pH 20C (68F) 25C (77F)
6.5 15.4 11.1
7.0 5.0 3.6
7.5 1.6 1.2
8.0 0.5 0.4
8.5 0.2 0.1
A coldwater aquarium is a great choice for starting out as an aquarist. Because temperature control is not an issue cold water aquariums are easier to maintain than tropical aquariums. Cold water fish are also generally more hardy than tropical fish so they are easier to care for and come in a wide variety of fantastic shapes, sizes and colours!
Before Buying your aquarium you need to decide on exactly what you want from your new hobby.
- What kind of fish do you want to keep and how many? There are many species and varieties of fish that can be kept in a coldwater aquarium.
- Gold Fish. Gold fish come in many varieties of sizes and colors
- Bloodfin Tetras – recognized by their silver bodies & red fins
- White Cloud
- Black Molly
- Black Skirt Tetra
- Kuhli Loach
- Decide available space… now that you know a little more about the fish you want to keep, you can decide on the size of tank you will need. Look around your home and select a location for your new aquarium. How much space can you allocate to the tank and accessories? Remember to account for space between the tank and the wall for filters, tubing, and/or cords.
- Determine budget. How much can you afford to spend on your aquarium? If this is your first tank, how much can you afford to spend on a new hobby that you are not sure you will be pursuing long term? Remember to take into account the ongoing maintenance and feeding costs
STEP 1: Decide on the aquarium’s location
Place your aquarium in an area where the light and temperature of the tank won’t be affected by external sources such as windows and heater vents. Sunlight that enters the room through an unshaded window could affect the temperature of your tank. This could also lead to green algae problems for your tank down the road. You will want to place your aquarium on a stand that will be able to hold its total weight. You also want to be sure that the floor is able to support the total weight of the aquarium and stand. A good rule of thumb for determining the total weight of a full aquarium is 10lbs (4.5kg) per gallon of water or 1kg per 1 litre. For example, a 250 litre tank will weigh approximately 250 kilograms when filled with water!
STEP 2: Buy aquarium and equipment
Now is a good time to decide on the type of aquarium filter you will want to use. You can buy an aquarium light but remember that light and heat go together, you don’t want to buy a light that over heats your tank. Buy the gravel, plants, a power strip and other decorations. A good rule of thumb for the amount of gravel that you will need is 1 to 1.5lbs (0.5 to 0.7kg) of gravel per gallon of water. Make sure that you purchase an air pump with your aquarium as Goldfish and other freshwater fish need well oxygenated water.
STEP 3: Set up your aquarium and stand
Wash out your tank with water only! Do not use soap or detergents. Soap residue left behind will be harmful for your fish. If you are going to use an under gravel filter (not recommended) now would be the time to set it up as well.
STEP 4: Wash aquarium, Gravel and plants
Be sure to wash the gravel thoroughly before adding it to your tank. An easy way to do this is to put some of the rocks in a pasta strainer and wash them out in your bath tub. Then place the clean gravel in a clean 5-gallon (22 Litre) bucket for transport to the aquarium. After adding the gravel you can place your plants and decorations.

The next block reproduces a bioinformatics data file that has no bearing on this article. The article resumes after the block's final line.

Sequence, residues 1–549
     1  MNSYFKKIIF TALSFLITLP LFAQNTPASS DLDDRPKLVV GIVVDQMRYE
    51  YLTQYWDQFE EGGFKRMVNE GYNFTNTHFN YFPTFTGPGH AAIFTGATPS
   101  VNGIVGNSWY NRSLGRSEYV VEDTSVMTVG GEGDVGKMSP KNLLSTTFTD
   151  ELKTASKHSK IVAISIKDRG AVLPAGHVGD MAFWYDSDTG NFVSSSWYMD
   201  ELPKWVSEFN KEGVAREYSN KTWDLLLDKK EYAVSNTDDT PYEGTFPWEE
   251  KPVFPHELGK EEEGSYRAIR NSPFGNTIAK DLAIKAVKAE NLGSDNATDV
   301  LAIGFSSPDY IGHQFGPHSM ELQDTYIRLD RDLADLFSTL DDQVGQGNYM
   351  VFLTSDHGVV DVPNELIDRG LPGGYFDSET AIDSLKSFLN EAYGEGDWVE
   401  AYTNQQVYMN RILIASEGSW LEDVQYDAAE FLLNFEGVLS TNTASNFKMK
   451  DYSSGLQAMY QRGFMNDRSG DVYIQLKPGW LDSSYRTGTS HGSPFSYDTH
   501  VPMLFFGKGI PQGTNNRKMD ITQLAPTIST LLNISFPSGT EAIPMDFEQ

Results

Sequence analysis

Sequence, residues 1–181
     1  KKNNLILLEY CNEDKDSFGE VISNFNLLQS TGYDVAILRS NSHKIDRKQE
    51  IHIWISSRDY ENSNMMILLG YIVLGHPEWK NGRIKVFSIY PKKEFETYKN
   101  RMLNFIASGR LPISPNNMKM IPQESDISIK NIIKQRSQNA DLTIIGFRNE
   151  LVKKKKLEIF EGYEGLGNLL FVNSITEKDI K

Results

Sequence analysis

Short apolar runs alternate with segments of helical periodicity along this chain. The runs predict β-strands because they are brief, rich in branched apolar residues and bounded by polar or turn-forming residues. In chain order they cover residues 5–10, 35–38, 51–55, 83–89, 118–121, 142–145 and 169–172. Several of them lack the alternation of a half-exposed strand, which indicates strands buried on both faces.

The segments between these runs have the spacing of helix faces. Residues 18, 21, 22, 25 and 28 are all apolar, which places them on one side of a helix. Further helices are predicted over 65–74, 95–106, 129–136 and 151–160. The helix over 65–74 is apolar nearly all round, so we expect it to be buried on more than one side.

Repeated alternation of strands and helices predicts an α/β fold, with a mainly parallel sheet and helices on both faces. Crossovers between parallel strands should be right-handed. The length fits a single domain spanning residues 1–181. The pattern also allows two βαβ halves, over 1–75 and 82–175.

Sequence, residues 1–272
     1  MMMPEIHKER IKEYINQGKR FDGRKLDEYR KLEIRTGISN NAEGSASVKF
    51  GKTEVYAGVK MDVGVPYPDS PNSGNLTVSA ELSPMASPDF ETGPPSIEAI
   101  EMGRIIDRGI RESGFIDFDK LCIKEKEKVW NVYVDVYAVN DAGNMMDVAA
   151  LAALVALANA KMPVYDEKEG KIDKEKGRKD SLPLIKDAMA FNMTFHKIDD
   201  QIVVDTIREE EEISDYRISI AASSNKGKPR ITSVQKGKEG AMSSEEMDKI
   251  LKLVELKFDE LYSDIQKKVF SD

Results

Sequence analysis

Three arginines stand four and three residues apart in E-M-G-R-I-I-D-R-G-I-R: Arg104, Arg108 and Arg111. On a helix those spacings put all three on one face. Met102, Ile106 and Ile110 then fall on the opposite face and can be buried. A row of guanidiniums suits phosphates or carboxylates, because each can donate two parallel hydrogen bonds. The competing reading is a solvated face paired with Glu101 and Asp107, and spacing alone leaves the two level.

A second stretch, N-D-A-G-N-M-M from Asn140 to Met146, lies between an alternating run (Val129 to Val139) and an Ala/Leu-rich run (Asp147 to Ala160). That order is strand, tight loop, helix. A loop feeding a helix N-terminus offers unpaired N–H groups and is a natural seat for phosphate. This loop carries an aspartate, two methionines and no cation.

STEP 5: Add water and treatments
To avoid disturbing your gravel and plants, place a plate or saucer in the middle of your aquarium and direct the water flow onto the plate. Use room temperature water when filling. To remove chlorine from your aquarium and aid the biological process add stress-coat and stress-zyme on day 1, day 7, and day 14. On day 14 you are ready to add fish. Some hardier species of fish can be added to help aid the cycling process however time is the best solution. Please note that there are other products on the market from companies such as tetra that proclaim to complete the cycle process in as little as three days. You want to be sure that your tank is prepared to process natural waste before adding fish.
STEP 6: Set up equipment
Connect your filter and any other equipment you have, then top off the aquarium water to just under the hood lip. Place your hood and tank light on the aquarium and then check your power cords to be sure that they are free of water. Plug all of the equipment into a power strip and then “turn on” the aquarium.
STEP 7: Wait, wait, wait and then wait some more
I know, you want to add some fish. But, in order to do this right you
must wait until your aquarium has cycled before adding any fish. If you
have used stress coat and Stress zyme you will be ready to buy fish on
STEP 8: Add fish
Only add one or two fish at a time. Adding a couple fish at a time
gives your filtration system the time needed to take on the increased
biological load that the new fish introduce. When you bring the fish
home let the bag float in the tank for about 15 minutes so that the fish
can become acclimated to the temperature and pH of the aquarium water.
After 5 minutes of floating the bag you should add some of the aquarium
water to the bag so that the fish can become acclimated to the pH level
in the aquarium. This will help reduce the amount of stress imposed on
the fish. Stressed fish often leads to dead or diseased fish! Don’t feed
your fish on the first day. They probably wouldn’t eat any food on the
first day anyway. Let them get acquainted with their new home.
STEP 9: Get ready for regular maintenance
Be prepared to spend some time once every week or two to clean your tank. Performing regular water changes will reduce the nitrate levels and keep your fish happy and healthy.